Canada is strengthening its E. coli testing in summer months and will mandate labeling of mechanically or needle tenderized beef, but some omissions are notable.
• The changes only apply to meat produced at federal plants inspected by the Canadian Food Inspection Agency. How do consumers know which is which?
• The labeling requirements only apply to cuts that are tenderized at a CFIA-regulated slaughterhouse. What about cuts that are treated further down the supply system? Health Canada says it’s working on it.
• Most notable, the expanded testing for E. coli only applies to the O157:H7/NM serotype (details of the changes are at http://www.inspection.gc.ca/english/fssa/meavia/man/ch4/annexoe.shtml). There is no mention of testing for other shiga-toxin producing E. coli (STECs) such as the big six (O26, O45, O103, O111, O121 and O145) which were declared adulterants by the U.S. Department of Agriculture. I’m fairly sure that those slaughterhouses that want to continue exporting to the U.S. will have to meet U.S. testing requirements. As a consumer I’d like to know which meat has been produced under such a system of testing.
The changes follow an outbreak of E. coli O157:H7 last fall that sickened 18 people. Contaminated product was produced at XL Foods of Alberta and led to the largest meat recall in Canadian history. Several of those sickened were thought to have consumed needle-tenderized product (with this technique, outside becomes inside, like hamburger, so should be cooked to 165F for safety reasons; I don’t know anyone that spends on the expense of a roast and then cooks to 165F).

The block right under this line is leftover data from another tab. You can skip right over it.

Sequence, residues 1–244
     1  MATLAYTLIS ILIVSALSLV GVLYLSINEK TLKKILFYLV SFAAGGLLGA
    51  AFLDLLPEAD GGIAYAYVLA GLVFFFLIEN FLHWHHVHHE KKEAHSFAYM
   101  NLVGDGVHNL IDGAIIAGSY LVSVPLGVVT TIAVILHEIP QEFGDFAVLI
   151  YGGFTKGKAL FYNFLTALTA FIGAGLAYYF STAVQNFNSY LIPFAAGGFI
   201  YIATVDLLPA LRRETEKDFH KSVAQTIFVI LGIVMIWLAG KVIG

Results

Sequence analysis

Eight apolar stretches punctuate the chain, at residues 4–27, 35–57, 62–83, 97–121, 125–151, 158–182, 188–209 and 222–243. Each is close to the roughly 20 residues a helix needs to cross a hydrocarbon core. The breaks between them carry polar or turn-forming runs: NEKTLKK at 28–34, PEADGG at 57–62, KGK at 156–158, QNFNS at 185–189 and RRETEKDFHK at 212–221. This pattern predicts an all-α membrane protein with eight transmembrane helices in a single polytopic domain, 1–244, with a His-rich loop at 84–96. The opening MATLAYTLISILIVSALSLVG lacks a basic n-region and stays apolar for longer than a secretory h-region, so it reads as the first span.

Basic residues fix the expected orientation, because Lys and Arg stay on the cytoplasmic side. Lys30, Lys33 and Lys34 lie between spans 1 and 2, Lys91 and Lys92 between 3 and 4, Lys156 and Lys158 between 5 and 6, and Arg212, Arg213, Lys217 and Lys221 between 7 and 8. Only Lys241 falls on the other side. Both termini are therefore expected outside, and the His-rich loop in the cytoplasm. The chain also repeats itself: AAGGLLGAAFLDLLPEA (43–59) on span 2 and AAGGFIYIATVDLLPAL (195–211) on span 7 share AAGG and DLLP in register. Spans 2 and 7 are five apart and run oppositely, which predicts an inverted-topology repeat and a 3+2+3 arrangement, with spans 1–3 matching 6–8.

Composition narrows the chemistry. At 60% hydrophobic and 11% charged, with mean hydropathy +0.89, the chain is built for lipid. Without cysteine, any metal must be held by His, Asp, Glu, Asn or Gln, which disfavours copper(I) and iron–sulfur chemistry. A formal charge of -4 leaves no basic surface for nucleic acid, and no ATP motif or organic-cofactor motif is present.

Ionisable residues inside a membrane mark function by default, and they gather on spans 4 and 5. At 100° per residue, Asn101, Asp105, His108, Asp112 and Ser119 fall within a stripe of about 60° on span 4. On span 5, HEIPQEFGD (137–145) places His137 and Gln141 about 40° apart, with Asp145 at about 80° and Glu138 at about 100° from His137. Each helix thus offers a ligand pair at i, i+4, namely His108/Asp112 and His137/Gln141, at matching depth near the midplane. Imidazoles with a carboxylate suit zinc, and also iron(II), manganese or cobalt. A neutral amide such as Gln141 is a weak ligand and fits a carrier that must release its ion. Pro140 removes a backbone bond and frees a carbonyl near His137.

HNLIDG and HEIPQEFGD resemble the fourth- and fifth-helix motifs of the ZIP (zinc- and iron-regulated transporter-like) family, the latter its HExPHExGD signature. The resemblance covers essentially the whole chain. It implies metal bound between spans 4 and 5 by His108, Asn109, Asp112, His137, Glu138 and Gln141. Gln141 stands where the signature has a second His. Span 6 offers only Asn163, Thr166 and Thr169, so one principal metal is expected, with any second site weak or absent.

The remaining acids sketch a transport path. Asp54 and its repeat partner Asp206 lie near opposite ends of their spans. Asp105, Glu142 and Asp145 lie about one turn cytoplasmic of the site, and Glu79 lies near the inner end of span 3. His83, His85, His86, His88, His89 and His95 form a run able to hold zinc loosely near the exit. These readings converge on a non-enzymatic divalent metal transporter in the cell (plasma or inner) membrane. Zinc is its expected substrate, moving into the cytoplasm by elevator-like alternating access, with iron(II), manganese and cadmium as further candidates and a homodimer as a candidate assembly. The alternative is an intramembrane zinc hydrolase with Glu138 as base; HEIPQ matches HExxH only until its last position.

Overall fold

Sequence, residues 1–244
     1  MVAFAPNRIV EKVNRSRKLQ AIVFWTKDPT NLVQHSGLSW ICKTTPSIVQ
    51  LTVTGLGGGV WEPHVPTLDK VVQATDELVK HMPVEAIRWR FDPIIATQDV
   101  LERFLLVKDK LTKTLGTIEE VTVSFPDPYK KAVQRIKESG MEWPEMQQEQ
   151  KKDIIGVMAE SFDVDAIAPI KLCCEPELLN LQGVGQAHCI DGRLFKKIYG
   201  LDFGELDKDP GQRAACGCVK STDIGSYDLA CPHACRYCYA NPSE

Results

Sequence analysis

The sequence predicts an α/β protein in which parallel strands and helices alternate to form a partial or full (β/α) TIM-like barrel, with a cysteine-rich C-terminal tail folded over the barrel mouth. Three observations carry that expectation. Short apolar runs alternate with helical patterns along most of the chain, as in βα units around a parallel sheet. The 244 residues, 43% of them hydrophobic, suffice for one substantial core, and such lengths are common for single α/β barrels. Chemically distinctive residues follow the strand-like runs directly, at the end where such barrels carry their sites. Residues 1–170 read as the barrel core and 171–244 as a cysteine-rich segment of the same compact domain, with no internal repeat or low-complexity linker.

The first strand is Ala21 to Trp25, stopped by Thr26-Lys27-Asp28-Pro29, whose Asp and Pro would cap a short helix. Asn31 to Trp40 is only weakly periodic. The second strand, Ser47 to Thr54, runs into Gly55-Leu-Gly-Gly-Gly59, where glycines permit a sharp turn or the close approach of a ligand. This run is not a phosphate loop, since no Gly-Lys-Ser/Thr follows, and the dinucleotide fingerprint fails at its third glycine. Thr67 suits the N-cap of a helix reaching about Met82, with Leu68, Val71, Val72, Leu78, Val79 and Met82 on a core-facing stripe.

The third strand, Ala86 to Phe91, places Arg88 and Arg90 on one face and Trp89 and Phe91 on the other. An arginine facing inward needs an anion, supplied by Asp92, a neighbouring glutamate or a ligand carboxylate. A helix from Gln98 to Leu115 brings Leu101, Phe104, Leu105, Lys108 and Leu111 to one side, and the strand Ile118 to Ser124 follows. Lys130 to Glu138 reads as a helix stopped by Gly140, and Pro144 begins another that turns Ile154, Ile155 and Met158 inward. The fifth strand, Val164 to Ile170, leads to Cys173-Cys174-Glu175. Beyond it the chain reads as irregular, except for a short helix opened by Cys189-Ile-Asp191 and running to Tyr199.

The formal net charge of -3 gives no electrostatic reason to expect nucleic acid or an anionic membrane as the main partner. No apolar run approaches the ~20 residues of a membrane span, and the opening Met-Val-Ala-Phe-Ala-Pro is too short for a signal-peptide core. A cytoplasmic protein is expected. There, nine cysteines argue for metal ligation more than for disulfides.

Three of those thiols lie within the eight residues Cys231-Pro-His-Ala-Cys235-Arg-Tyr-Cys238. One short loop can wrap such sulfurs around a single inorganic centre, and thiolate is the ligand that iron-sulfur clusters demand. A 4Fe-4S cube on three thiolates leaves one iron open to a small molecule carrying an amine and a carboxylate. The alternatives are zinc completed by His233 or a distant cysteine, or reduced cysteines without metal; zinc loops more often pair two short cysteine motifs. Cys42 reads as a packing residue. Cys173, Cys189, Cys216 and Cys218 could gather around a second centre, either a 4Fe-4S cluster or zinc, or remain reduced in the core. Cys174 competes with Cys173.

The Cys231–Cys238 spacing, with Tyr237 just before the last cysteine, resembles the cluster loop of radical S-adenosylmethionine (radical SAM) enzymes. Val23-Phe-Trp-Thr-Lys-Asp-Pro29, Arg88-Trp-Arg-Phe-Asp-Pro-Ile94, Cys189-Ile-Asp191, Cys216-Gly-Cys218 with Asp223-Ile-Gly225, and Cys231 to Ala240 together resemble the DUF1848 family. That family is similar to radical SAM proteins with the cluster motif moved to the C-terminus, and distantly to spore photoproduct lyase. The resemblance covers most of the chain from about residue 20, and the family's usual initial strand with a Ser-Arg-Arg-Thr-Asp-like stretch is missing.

Ritz said, “Canada has a world-class food safety system and our Government is committed to taking real steps to make it even stronger.”
Ritz said of labeling of mechanical tenderization beef, “It’s common sense, but it needs to be out there.”
“Can we guarantee there’ll never be anymore (outbreaks)? No. Anybody that tells you you can is lying to you. It wouldn’t matter how much money, how many people you have on the lines, there’s too many moving parts to guarantee an absolute. But at the end of the day, we want to take every precaution we can.”
A table of non- E. coli O157 STEC outbreaks is available at http://bites.ksu.edu/nonO157outbreaks